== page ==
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Journal Article

IDS Bulletin Vol. 47 No. 2A

No Path to Power: Civil Society, State Services, and the Poverty of City Women

Published on 8 December 2016

In focusing on Ain el‐Sira, a low‐income neighbourhood of Cairo, this article challenges development theorists’ ideas that civil society as a development partner is best able to promote women’s empowerment, community development and justice.

This article contests that development can avoid the machinations of the state or ignore the power imbalances that litter the relationships between state, civil society, citizens and donors! In Egypt, where the state relegates its development duties to civil society, women in Ain el‐Sira experience service initiatives which are duplicated, microcredit loans they often cannot afford to repay, and benefit criteria which are strict and limiting.

Programmes remain unchanged for years and long‐term plans to relieve the burdens of disempowerment and destitution are non‐existent. To achieve real gendered justice which provides women with the assets and capabilities to make choices requires citizenship rights. This can only be gained by engaging critically with state and civil society dynamics and challenging the structures that obstruct empowerment.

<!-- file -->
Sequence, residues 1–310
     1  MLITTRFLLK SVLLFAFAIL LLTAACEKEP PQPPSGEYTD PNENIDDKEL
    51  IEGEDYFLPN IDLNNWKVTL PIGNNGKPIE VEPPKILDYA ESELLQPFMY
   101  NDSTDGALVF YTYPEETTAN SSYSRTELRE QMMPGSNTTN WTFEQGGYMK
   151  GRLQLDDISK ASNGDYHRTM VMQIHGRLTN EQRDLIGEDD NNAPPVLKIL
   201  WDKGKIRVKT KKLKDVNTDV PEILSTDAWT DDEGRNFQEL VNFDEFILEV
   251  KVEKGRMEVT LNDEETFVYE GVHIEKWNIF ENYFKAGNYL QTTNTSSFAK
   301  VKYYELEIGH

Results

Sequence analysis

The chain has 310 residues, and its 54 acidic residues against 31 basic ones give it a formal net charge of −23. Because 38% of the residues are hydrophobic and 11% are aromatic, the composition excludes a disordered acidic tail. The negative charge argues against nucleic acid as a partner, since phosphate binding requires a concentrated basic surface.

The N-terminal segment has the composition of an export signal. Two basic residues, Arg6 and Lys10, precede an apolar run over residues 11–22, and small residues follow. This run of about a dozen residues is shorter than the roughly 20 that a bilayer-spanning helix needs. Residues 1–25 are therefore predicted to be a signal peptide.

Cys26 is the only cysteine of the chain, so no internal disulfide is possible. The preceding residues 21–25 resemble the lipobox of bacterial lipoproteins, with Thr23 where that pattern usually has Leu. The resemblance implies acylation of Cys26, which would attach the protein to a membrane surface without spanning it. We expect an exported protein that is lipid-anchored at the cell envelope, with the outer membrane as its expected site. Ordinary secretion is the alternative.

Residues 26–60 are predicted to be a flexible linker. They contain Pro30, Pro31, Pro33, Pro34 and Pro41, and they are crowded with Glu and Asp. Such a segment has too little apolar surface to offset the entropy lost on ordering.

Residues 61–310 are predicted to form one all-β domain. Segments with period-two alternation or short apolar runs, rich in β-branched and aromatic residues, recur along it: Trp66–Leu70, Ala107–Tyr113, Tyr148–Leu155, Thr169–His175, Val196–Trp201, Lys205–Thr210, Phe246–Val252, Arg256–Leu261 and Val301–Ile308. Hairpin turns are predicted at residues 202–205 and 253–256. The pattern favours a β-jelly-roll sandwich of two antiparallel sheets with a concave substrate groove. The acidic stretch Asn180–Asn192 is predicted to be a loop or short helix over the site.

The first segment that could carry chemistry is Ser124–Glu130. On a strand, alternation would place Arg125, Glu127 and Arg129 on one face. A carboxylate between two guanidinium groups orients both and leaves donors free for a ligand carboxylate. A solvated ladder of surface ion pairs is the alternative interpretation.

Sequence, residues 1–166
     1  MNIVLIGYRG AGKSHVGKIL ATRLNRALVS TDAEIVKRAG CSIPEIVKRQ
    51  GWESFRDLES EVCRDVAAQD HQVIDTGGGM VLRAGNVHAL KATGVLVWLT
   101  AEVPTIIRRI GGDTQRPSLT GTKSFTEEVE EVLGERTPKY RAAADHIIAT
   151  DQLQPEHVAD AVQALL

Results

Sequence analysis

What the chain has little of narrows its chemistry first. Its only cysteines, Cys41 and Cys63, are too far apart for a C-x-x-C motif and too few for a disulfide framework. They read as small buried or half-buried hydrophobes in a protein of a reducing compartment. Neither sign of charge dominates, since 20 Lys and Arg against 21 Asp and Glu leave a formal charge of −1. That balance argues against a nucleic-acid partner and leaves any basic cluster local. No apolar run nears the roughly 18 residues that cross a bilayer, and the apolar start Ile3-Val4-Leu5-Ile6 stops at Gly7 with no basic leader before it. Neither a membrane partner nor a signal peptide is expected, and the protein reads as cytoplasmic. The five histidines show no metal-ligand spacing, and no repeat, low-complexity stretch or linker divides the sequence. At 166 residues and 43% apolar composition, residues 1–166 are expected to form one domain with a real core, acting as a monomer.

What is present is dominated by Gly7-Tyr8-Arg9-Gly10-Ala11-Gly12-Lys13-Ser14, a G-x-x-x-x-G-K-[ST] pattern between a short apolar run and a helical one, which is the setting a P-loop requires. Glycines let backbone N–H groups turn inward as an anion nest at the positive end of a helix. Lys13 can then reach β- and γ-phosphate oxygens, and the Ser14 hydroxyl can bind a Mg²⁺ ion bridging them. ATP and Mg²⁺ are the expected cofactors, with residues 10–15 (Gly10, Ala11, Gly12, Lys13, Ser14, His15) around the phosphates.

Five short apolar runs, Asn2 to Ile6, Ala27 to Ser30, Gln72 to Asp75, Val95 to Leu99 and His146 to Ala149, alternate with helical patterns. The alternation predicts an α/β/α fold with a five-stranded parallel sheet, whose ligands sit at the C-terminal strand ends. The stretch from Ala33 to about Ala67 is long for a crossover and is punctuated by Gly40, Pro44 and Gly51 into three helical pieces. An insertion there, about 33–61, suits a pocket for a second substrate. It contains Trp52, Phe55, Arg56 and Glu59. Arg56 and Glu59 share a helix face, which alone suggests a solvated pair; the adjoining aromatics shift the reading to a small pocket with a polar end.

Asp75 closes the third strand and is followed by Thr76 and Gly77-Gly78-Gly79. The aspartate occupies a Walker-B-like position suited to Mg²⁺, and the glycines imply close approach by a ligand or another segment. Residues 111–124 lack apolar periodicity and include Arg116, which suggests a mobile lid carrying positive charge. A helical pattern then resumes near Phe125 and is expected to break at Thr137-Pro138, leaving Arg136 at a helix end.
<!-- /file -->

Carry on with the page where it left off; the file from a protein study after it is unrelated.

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This article comes from the IDS Bulletin 41.2 (2010) No Path to Power: Civil Society, State Services, and the Poverty of City Women

Cite this publication

Sholkamy, H. (2010) No Path to Power: Civil Society, State Services, and the Poverty of City Women. IDS Bulletin 41(2): 46-53

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Authors

Hania Sholkamy

Publication details

published by
Institute of Development Studies
authors
Sholkamy, Hania
journal
IDS Bulletin, volume 47, issue 2A
doi
10.1111/j.1759-5436.2010.00122.x
language
English

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Region
Egypt

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